1911 Encyclopædia Britannica/Reuchlin, Johann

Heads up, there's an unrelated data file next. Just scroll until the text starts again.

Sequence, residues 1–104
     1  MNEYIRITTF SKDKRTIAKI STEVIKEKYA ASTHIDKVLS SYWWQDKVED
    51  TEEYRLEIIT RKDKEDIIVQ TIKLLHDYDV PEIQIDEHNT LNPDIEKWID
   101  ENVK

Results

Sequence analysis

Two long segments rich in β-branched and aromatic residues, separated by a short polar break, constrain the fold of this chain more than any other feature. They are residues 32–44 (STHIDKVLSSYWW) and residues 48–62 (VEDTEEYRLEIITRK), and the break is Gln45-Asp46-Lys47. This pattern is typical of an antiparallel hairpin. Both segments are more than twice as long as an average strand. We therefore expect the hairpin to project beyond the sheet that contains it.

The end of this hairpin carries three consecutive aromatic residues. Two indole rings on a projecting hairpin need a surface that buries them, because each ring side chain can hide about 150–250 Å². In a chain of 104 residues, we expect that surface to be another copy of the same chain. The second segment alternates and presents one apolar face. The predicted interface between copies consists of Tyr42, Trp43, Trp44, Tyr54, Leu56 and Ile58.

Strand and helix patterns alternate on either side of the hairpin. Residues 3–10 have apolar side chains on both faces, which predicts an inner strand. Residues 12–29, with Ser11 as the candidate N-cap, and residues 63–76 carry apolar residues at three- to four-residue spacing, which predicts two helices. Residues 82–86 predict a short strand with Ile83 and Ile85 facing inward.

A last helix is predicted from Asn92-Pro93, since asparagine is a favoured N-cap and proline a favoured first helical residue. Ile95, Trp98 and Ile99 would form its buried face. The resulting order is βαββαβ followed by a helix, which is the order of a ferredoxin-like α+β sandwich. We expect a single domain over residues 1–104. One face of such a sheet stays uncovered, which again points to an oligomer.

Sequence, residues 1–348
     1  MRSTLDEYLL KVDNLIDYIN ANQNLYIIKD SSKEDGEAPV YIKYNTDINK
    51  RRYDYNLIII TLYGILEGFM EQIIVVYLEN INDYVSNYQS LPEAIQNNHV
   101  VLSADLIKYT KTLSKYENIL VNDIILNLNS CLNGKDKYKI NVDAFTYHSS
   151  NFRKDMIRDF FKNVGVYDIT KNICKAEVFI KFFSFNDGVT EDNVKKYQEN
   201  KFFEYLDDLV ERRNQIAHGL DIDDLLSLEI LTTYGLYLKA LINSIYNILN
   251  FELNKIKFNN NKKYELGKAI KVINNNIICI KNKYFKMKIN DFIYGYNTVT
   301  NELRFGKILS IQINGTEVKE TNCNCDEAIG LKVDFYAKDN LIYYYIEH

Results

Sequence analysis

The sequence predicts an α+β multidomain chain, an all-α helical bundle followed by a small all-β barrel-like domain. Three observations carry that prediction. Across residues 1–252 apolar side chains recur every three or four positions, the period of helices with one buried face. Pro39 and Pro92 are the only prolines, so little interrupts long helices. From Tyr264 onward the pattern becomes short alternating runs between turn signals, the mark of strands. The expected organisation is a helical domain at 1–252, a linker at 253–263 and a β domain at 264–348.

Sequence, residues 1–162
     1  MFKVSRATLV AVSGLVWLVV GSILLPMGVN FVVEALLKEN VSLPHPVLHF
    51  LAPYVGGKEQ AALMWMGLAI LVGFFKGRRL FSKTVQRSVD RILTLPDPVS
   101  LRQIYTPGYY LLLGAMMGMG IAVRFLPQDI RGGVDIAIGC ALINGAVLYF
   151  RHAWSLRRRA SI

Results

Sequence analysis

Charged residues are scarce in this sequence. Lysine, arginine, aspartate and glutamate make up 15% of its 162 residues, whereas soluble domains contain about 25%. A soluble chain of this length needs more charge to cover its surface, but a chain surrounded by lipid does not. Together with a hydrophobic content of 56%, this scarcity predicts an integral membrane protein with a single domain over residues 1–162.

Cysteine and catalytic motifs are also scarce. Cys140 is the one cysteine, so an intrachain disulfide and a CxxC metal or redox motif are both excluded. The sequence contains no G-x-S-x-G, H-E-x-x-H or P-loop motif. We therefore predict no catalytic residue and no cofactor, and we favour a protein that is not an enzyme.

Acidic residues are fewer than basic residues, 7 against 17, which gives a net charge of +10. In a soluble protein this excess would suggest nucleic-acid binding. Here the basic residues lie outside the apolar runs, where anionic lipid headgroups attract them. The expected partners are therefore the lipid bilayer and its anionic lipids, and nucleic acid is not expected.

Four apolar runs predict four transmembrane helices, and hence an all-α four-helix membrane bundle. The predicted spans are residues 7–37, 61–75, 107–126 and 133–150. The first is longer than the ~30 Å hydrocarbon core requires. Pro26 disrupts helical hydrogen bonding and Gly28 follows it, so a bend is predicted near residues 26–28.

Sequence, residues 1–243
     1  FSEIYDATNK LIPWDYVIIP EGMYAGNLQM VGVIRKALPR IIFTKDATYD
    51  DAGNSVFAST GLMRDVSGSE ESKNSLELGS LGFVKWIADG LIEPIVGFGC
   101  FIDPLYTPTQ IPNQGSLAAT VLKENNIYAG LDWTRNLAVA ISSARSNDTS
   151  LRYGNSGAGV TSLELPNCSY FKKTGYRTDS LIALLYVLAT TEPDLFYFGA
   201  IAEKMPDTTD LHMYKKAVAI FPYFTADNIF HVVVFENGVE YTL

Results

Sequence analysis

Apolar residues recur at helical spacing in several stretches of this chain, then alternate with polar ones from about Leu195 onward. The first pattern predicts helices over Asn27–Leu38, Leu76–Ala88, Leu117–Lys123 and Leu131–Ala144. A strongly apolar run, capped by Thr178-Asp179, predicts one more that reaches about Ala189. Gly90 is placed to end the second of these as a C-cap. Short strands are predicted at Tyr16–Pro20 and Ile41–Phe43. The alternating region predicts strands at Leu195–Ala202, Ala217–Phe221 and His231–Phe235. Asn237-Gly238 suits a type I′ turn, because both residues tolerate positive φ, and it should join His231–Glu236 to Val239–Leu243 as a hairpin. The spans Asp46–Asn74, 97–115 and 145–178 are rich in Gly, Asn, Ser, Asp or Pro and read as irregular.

REUCHLIN, JOHANN (1455-1522), German humanist and Hebraist, was born on the 22nd of February 1455 at Pforzheim in the Black Forest, where his father was an official of the Dominican monastery. In, the pedantic taste of his time the name was graecicized by his Italian friends into Capnion, a form which Reuchlin himself uses as a sort of transparent mask when he introduces himself as an interlocutor in the De Verbo Mirifico. For his native place Reuchlin always retained an affection; he constantly writes himself Phorcensis, and in the De Verbo he does not forget to ascribe to Pforzheim his first disposition to letters. Here he began his Latin studies in the monastery school, and, though in 1470 he was a short time in Freiburg, that university seems to have taught him little. Reuchlin's career as a scholar appears to have turned almost on an accident; his fine voice gained him a place in the household of Charles I., margrave of Baden, and by-and-by, having already some reputation as a Latinist, he was chosen to accompany to the university of Paris Frederick, the third son of the prince, a lad some years his junior, who was destined for an ecclesiastical career. This new connexion lasted but a year or so, but it determined the course of Reuchlin's life. He now began to learn Greek, which had been taught in the French capital since 1470, and he also attached himself to the leader of the Paris realists, Jean Heynlin, or à Lapide (d. 1496), a worthy and learned man, whom he followed to the vigorous young university of Basel in 1474. At Basel Reuchlin took his master's degree (1477), and began to lecture with success, teaching a more classical Latin than was then common in German schools, and also explaining Aristotle in Greek. His studies in this language had been continued at Basel under Andronicus Contoblacas, and here too he formed the acquaintance of the bookseller, Johann Amorbach, for whom he prepared a Latin lexicon (Vocabularius Breviloquus, 1st ed., 1475-76), which did good service in its time and ran through many editions. This first publication and Reuchlin's account of his teaching at Basel in a letter to Cardinal Adrian (Adriano Castellesi) in February 1518 show that he had already found the work which in a larger sphere occupied his whole life. He was no original genius, but a born teacher. But this work of teaching was not to be done mainly from the professor's chair. Reuchlin soon left Basel to seek further Greek training with George Hieronymus at Paris, and to learn to write a fair Greek hand that he might support himself by copying MSS. And now he felt that he must choose a profession. His choice fell on law, and he was thus led to the great school of Orleans (1478), and finally to Poitiers, where he became licentiate in July 1481. From Poitiers Reuchlin went in December 1481 to Tübingen, with the intention of becoming a teacher in the university, but his friends recommended him to Count Eberhard of Württemberg, who was about to journey to Italy and required an interpreter. Reuchlin was selected for this post, and in February 1482 left Stuttgart for Florence and Rome. The journey lasted but a few months, but it brought the German scholar into contact with several learned Italians, especially at the Medicean Academy in Florence; his connexion with the count became permanent, and after his return to Stuttgart he received important posts at Eberhard's court. About this time he appears to have married, but little is known of his married life. He left no children; but in later years his sister's grandson Melanchthon was almost as a son to him till the Reformation estranged them. In 1490 he was again in Italy. Here he saw Pico della Mirandola, to whose Cabbalistic doctrines he afterwards became heir, and also made the friendship of the pope's secretary, Jakob Questenberg, which was of service to him in his later troubles. Again in 1492 he was employed on an embassy to the emperor Frederick at Linz, and here he began to read Hebrew with the emperor's Jewish physician Jakob ben Jehiel Loans. He knew something of this language before, but Loans's instruction laid the basis of that thorough knowledge which he afterwards improved on his third visit to Rome in 1498 by the instruction of Obadja Sforno of Cesena. In 1494 his rising reputation had been greatly enhanced by the publication of De Verbo Mirifico.